The call: A man is pushing a hot water heater down the street. Crump and Officer Tony White find the man, who's wearing a surgical mask, carrying tools and pushing the still-steaming heater along on a cart. The man repeatedly claims he saw other people dump the heater in an empty parking lot so he picked it up, hoping to sell it. But officers find a trail of water leading back to a nearby business and the bathroom where the heater was cut away from the wall. They take the man into custody.

The takeaway: "Like most burglars, he brought all the tools he needed with him, and he can improvise with anything else," Crump says.

Episode 4: Los Angeles, 1995

The cop, Officer John Mott: "Basically we educate people on manners. All our laws, all our rules are based on just plain manners."

The call: A possible car burglary involving a taxi. Mott and Officer Brian Barnett find the taxi and the shirtless suspect, who denies burglarizing the car. But the taxi's owner tells officers that witnesses saw the man they've just apprehended trying to break in. Officers search the suspect and find a large butcher knife in the jacket he was carrying. They also investigate the taxi and see that someone tried to remove the computer in the taxi's dash, but there's not even a stereo in the older-model car.

The takeaway: "We're not always dealing with the smartest criminals, you know?" Barnett says.

Episode 5: Spokane, Wash., 2004

The cop, Officer Brian Eckersley, on being a cop: "We get paid to show up to all that stuff that everybody else has to drive by. So it's definitely the best job I can think of."

The call: A loose Rottweiler. Eckersley finds the neighbor of the dog's owner kneeling on the dog's neck after he says the dog tried to bite him and his co-worker. An animal control officer arrives, lassos the Rottweiler and puts him in the back of his truck. Eckersley and the animal control officer pay a visit to the neighbor, and the animal control officer explains that she has 14 days to appeal if the dog is deemed to be dangerous.

The takeaway: "I would make sure the dog stays in the yard," Eckersley tells the owner of the Rottweiler.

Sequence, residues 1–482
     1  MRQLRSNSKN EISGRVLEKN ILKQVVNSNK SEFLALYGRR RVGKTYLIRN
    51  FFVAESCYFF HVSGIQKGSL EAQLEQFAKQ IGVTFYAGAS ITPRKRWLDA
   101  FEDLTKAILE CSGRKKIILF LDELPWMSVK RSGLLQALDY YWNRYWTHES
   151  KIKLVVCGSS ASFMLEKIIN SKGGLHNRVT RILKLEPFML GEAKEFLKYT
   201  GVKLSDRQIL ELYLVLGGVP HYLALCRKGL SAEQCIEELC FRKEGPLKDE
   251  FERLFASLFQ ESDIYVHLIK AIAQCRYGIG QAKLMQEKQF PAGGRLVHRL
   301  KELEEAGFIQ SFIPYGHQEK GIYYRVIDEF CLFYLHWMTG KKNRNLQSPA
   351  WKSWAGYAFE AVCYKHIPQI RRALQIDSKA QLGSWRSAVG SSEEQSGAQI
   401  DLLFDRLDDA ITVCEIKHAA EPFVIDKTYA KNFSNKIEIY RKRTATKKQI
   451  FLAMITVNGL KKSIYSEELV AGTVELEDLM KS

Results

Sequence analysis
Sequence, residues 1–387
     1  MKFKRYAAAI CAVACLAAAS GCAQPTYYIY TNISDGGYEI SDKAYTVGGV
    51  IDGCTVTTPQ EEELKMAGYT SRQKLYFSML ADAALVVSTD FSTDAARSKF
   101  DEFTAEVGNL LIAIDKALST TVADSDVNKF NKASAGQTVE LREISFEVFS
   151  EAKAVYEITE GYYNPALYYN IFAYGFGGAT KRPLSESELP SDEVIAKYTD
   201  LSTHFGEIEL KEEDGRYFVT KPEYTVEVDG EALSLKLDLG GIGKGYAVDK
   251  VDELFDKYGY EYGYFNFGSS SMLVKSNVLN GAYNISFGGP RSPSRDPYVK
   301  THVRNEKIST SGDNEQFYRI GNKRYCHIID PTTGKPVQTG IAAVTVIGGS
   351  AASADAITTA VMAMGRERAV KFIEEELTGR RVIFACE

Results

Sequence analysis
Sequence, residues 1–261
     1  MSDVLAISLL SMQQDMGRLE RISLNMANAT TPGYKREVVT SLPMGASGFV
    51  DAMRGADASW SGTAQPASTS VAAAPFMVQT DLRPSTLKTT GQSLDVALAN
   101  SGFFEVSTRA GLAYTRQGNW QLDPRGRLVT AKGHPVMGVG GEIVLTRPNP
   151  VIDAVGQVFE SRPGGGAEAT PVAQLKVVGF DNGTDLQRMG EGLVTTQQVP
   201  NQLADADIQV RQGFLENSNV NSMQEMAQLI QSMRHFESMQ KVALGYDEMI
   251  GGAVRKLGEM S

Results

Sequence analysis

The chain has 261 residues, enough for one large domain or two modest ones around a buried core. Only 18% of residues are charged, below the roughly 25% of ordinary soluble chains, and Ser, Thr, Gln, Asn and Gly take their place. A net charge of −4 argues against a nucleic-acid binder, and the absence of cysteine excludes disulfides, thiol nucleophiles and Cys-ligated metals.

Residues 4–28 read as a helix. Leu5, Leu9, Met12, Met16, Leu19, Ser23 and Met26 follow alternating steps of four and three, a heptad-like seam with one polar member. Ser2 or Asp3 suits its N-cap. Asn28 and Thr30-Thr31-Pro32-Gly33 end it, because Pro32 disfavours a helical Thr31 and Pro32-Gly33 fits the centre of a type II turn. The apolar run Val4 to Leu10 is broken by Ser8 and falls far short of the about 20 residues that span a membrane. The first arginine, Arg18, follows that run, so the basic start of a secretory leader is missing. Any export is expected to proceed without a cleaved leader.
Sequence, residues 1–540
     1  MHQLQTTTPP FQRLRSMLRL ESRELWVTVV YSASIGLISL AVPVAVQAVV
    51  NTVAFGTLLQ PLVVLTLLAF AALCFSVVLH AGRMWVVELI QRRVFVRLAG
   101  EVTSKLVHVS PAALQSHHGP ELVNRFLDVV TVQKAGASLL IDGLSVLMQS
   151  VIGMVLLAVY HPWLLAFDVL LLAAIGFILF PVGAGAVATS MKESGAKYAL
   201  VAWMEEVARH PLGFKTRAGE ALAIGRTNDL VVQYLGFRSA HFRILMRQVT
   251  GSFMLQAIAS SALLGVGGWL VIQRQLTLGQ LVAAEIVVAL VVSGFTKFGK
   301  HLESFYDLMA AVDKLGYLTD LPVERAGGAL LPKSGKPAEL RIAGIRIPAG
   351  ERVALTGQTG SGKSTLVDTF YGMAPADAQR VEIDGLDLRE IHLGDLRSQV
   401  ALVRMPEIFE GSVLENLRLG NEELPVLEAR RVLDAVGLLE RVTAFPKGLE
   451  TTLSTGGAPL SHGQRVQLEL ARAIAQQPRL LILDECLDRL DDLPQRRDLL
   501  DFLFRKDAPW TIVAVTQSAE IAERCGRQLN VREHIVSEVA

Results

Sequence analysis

Episode 6: Boston, 1996

The cop, Officer Danny Moroney, on being a cop: "There are a lot of single parents in this neighborhood, and we find a lot of times when they have disagreements, we're called in to play daddy for them."

The call: A mother says she's having problems with her 12-year-old. She tells Moroney and Officer Tommy Garneau her son won't listen to what she tells him and that he keeps telling her what to do. The officers try to talk to her son, Pat, a miserable, overweight kid who is watching TV with the volume turned up and refusing to answer most of their questions. Eventually, it appears he's mad because she won't let him play outside late at night. Officers tell Pat that as long as he's living under his mother's roof, he has to play by her rules. They leave without filing any charges.

The takeaway: "I think you should do what your mother says," Garneau tells Pat. "She's looking out for your best interests."

Episode 7: Virginia Beach, Va., 1998

The cop, Kevin Murphy, on being a cop: "My wife's also in the department. She works down in the radio room, in the communications division. We kind of have a running joke. She tells me where to go at work, and she tells me where to go at home."

The call: A possible assault. Murphy arrives at the apartment building and finds an intoxicated, barefoot, shirtless man bleeding around the mouth. After talking to the man, Mark, and his also intoxicated wife, he learns that Ed, the woman's ex-boyfriend and ex-boss, had showed up to the apartment and punched Mark. But when Murphy talks to the woman alone, she tells him she's still seeing Ed and that, "You can have two people at once." Murphy tells Mark about his wife's "outside interests," but Mark seems to be in denial, asking where his half-pack of cigarettes is.

The takeaway: "She's got the whole love triangle thing going on," Murphy says. "Hopefully she'll make a decision real soon about what she wants."